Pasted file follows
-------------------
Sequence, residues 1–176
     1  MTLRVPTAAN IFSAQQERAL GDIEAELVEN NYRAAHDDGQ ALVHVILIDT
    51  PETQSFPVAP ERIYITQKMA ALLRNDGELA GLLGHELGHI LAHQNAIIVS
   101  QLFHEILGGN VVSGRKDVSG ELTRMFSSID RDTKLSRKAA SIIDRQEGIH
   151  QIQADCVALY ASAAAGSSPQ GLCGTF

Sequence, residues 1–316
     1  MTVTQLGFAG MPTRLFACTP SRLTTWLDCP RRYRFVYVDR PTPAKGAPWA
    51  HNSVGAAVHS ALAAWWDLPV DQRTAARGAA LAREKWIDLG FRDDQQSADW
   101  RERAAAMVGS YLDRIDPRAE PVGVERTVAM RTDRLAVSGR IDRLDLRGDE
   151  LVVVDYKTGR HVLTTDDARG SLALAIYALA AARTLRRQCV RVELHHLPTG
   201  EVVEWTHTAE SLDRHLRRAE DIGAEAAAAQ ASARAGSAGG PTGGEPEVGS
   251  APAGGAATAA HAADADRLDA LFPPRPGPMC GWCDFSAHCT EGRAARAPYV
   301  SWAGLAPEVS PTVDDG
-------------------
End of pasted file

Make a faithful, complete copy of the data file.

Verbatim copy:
Sequence, residues 1–176
     1  MTLRVPTAAN IFSAQQERAL GDIEAELVEN NYRAAHDDGQ ALVHVILIDT
    51  PETQSFPVAP ERIYITQKMA ALLRNDGELA GLLGHELGHI LAHQNAIIVS
   101  QLFHEILGGN VVSGRKDVSG ELTRMFSSID RDTKLSRKAA SIIDRQEGIH
   151  QIQADCVALY ASAAAGSSPQ GLCGTF

Sequence, residues 1–316
     1  MTVTQLGFAG MPTRLFACTP SRLTTWLDCP RRYRFVYVDR PTPAKGAPWA
    51  HNSVGAAVHS ALAAWWDLPV DQRTAARGAA LAREKWIDLG FRDDQQSADW
   101  RERAAAMVGS YLDRIDPRAE PVGVERTVAM RTDRLAVSGR IDRLDLRGDE
   151  LVVVDYKTGR HVLTTDDARG SLALAIYALA AARTLRRQCV RVELHHLPTG
   201  EVVEWTHTAE SLDRHLRRAE DIGAEAAAAQ ASARAGSAGG PTGGEPEVGS
   251  APAGGAATAA HAADADRLDA LFPPRPGPMC GWCDFSAHCT EGRAARAPYV
   301  SWAGLAPEVS PTVDDG